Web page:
Thursday, December 5, 2013

The Green Planet by J. Hunter Holly

Here we have a paperback by an author I had never heard of, 1960’s The Green Planet by J. Hunter Holly. The Author’s Profile informs us that J. Hunter Holly is the pen name of Joan C. Holly of Michigan, and that she did very well in college. My edition was printed by Monarch Books in 1961. Monarch Books, we are told, is dedicated to publishing books of literary merit, like hagiographies of Elizabeth Taylor and Jackie Kennedy, guides to alternative medicine, and soft core pornography.  I paid two dollars for this book, and the list of titles on the advertising page (among them Sex Fiend and Campus Girl (hubba hubba), $50 A Night (ah, the days before inflation), and Brother and Sister (yuck!)) provides a roller coaster ride of titillation, nostalgia and terror worth at least three dollars all on its own.  (Prolific mystery writer Donald E. Westlake seems to have produced many of the more striking titles.)

In the future, humanity is ruled by the totalitarian League. Radical egalitarians, the League has as its goal “to get rid of the sub-normals and the super-normals until there was a stable population of nothings.” People opposed to the League get a free ticket for a three-month-long one way trip to Klorath, planet of exile. The Green Planet tells the story of the ninth shipment of rebels to Klorath, 11 adults and two children. The first thing they find on Klorath after getting off the robot shuttle is a pile of human bones; the first eight shipments of rebels haven’t fared too well!

But what killed the earlier settlers? Disease? Giant bulletproof pterodactyls? Native barbarians? All of the above? As the exiles wait for the tenth shipment of rebels and try to build a little colony, constructing cabins and planting crops, they suffer repeated attack from native life forms. Their numbers dwindle, but the two manly men among the group still find time to fight over who should be leader.  The last half or so of the book deals with the human exiles' efforts to develop a relationship with the Klorath natives, who bear a striking similarity to Native American Indians and have a close relationship with nature and their god.  Negotiations are difficult because, it seems, the last eight groups of human settlers spoke with forked tongue.  The crisis is resolved when the humans take up the worship of the god of the natives (a big crystal sphere) and achieve collective consciousnesses.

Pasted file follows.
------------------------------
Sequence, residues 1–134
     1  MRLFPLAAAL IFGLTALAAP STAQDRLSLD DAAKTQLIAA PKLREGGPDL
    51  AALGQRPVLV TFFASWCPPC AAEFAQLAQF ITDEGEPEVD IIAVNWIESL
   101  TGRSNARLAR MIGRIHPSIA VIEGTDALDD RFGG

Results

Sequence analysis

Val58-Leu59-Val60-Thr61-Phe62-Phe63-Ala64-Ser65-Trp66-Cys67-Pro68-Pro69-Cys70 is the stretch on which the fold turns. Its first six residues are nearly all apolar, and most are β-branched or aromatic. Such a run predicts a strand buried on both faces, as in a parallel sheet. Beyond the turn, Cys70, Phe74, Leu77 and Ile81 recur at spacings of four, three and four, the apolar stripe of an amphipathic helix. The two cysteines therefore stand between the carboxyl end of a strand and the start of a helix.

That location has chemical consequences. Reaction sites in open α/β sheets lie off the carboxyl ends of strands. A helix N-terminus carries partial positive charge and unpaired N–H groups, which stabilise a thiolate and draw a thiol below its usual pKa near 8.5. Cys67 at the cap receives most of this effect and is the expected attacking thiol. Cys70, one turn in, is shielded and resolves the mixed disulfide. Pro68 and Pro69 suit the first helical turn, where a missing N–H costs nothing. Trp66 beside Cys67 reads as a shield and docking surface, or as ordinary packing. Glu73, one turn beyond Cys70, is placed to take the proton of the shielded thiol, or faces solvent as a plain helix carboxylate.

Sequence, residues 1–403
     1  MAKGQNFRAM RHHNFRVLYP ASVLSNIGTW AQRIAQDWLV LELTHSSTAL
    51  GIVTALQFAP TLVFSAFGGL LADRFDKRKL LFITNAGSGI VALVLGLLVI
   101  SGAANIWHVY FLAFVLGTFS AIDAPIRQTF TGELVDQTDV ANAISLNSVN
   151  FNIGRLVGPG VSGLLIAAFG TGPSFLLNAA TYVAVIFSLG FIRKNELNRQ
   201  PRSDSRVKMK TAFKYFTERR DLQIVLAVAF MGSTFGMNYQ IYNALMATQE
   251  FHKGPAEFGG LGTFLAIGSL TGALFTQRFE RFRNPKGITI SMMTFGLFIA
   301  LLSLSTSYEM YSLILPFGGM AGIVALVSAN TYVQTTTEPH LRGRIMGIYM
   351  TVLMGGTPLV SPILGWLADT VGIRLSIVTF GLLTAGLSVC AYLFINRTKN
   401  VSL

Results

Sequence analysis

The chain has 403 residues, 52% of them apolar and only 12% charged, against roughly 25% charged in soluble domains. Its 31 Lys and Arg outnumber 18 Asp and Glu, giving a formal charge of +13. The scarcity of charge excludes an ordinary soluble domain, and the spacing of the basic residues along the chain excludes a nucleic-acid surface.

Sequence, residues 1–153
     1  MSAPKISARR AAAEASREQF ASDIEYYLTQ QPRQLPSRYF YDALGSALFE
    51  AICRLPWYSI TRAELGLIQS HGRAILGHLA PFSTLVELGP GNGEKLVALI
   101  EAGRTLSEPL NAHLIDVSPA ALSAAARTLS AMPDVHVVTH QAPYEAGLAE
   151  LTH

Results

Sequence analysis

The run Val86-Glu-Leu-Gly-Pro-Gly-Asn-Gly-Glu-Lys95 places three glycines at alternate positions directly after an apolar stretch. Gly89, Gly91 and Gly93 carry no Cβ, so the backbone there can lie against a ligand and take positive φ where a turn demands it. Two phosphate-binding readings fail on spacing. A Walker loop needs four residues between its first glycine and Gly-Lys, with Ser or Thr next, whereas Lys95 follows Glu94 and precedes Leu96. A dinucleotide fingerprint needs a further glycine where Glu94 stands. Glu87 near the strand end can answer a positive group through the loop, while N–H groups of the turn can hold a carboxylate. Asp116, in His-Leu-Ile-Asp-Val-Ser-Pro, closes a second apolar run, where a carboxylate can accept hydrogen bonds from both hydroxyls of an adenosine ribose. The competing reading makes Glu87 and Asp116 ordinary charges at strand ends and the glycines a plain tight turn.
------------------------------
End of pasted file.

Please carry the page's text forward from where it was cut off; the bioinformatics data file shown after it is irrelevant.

This is a pedestrian piece of work with nothing special to make it stand out or stay in your memory. Holly tries to liven it up with lots of psychological stuff, people stricken with fear, cracking under stress, committing suicide, the two men of the group who aspire to lead trying to manipulate the weaker minded exiles members, etc. Unfortunately Holly’s writing style is uninspired and the characters are boring. I couldn’t bring myself to care who lived or died.

Holly is also undermined by irritating errors. For example, Holly (and her editor) don’t seem to know anything about guns, so we get sentences like “In a desperate chance, he blasted forth with a whole round, in a volley.” I guess she means he fired off an entire magazine? There are also quite a few typos, missing quotation marks, missing prepositions. “Jason wanted smash their complacency.” (page 80). This sounds like a line from The Incredible Hulk: Political Activist. These are the kinds of mistakes you can brush off in a good book, but in a mediocrity they rankle. Why should I bother reading this thing if your copy editor didn’t?

I don't regret giving a new writer a try, but this one has to get a marginal thumbs down.  I won't be seeking out any more of Holly's work.  

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